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Chemical In Everyday Products Can Be Found In Humans

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    Dear Friends, Surely a good thing to have in one s body... http://www.kentucky.com/mld/kentucky/living/health/16146816.htm Love and Light. David Chemical in
    Message 1 of 1 , Dec 3, 2006
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      Dear Friends,

      Surely a good thing to have in one's body...

      http://www.kentucky.com/mld/kentucky/living/health/16146816.htm

      Love and Light.

      David

      Chemical in everyday products can be found in humans; effect on health not definitively known By Scott Streater MCCLATCHY NEWSPAPERS FORT WORTH, Texas - They're found in floor waxes and shampoos, fast-food wrappers and microwave popcorn bags. They coat pizza boxes, carpets and frying pans.
      And they're in people.
      They're perfluorochemicals. Though you might not recognize the word, you probably know the brand names: Teflon, Stainmaster, Gore-Tex.
      You are exposed to those compounds every day, and there is mounting concern that they might cause a variety of health problems. A panel of scientists selected by the Environmental Protection Agency concluded this year that a perfluorochemical used in nonstick cookware is a likely cancer-causing agent.
      As is the case with many of the 82,000 chemicals in commercial use today, health officials aren't sure what levels of perfluorochemicals in the body can cause health problems. Researchers aren't even sure of the main source of human exposure: household products, manufacturing plants or both.
      They know only that perfluorochemicals remain in the environment and the body for a long time.
      "These compounds are used in an unbelievable number of products that we come in contact with every day," said Kurunthachalam Kannan, a scientist at the New York State Department of Health, in Albany, who has extensively researched the compounds.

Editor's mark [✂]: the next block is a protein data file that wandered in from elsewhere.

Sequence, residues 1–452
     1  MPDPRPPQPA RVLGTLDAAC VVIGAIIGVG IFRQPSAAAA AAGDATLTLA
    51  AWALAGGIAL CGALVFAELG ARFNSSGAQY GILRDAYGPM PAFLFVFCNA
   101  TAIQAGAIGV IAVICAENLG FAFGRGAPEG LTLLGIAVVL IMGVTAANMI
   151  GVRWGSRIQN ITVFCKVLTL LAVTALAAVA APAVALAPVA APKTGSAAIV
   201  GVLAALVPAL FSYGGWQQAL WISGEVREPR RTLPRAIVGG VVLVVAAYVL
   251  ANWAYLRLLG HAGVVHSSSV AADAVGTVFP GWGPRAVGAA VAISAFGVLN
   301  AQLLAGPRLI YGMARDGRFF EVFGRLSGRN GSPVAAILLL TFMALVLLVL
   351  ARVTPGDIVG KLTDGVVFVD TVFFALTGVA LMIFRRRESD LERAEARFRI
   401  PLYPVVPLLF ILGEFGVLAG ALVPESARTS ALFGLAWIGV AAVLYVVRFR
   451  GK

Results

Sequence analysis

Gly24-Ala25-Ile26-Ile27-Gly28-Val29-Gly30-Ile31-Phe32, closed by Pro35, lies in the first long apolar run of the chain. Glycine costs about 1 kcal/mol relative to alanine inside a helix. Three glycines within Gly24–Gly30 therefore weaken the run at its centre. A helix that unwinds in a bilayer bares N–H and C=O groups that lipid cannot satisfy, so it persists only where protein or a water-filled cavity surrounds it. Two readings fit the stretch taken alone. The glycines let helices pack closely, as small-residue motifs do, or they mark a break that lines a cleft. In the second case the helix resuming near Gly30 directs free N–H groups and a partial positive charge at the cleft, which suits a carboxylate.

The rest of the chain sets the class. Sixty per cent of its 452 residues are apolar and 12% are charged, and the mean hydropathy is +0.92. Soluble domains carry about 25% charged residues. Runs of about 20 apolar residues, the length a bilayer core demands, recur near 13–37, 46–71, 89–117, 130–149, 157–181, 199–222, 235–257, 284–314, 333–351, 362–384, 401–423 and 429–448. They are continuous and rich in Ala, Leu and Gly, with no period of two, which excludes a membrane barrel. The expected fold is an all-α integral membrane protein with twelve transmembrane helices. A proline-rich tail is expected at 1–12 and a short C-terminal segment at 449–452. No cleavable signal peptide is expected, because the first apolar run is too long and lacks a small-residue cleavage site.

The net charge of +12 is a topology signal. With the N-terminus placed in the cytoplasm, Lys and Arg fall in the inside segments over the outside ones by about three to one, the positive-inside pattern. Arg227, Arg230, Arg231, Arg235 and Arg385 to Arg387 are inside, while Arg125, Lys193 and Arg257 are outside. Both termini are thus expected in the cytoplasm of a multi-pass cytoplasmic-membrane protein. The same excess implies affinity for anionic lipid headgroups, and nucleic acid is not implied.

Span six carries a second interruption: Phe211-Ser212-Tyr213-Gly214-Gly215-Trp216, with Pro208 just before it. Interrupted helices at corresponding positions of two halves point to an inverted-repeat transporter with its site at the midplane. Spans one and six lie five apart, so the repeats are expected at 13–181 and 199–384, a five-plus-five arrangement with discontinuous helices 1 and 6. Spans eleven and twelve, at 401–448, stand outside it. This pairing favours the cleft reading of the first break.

Researchers have found that U.S. residents have the world's highest levels of perfluorochemicals in their bodies. Kannan says it takes the body at least eight years to rid itself of the chemicals.
      That's one reason 3M agreed six years ago to stop making and using perfluorooctane sulfonate, or PFOS, to make Scotchgard. The company's own research found that the compound was showing up in low doses in people and wildlife worldwide.
      Today, a different chemical is used in the popular stain and water repellent.
      "We didn't want to be a contributing source of these materials in the environment," said Bill Nelson, a 3M spokesman. He said the company's decision does not mean that there is evidence that the chemicals cause harm.
      In January, DuPont and other companies volunteered to phase out perfluorooctanoic acid, or PFOA, used in Teflon nonstick cookware and some microwave popcorn bags.
      But there's evidence that neither compound breaks down in the environment--ever. That means people could be exposed for an untold amount of time.
      The Fort Worth Star-Telegram tested the blood of 12 people for the presence of PFOS and PFOA, along with dozens of other toxic chemicals. The study found PFOS in all 12 participants and PFOA in six.
      The concentrations were tiny -- parts per billion. One part per billion is equivalent to one kernel of corn in a 45-foot silo filled to the brim. Yet one study published last year in the peer-reviewed journal Toxicological Sciences found that PFOA hurt the livers of laboratory rats at levels as low as 10 parts per billion.
      The highest level of PFOA found in any of the Star-Telegram study participants was 5 parts per billion.
      The chemical that makes nonstick cookware slick is in the national spotlight now.
      DuPont, based in Wilmington, Del., is North America's only producer of PFOA and faces numerous lawsuits tied to the compound.
      In 2004, DuPont agreed to pay up to $343 million to settle a class-action suit filed by Ohio and West Virginia residents who said their water supplies had been contaminated with PFOA from DuPont's plant in Parkersburg, W.Va.
      A similar federal lawsuit was filed in April by New Jersey residents who contend that a DuPont plant in Salem County, N.J., contaminated drinking water supplies and that the company knew of the contamination for years. The PFOA levels in those cases are much higher than what would be expected from products.
      DuPont faces a federal class-action lawsuit brought by residents in 20 states and the District of Columbia who say the company failed to make public the possible health risks associated with use of its nonstick pots and pans. The lawsuit, filed in May in Iowa, alleges that DuPont knew its Teflon cookware releases toxic gases when heated.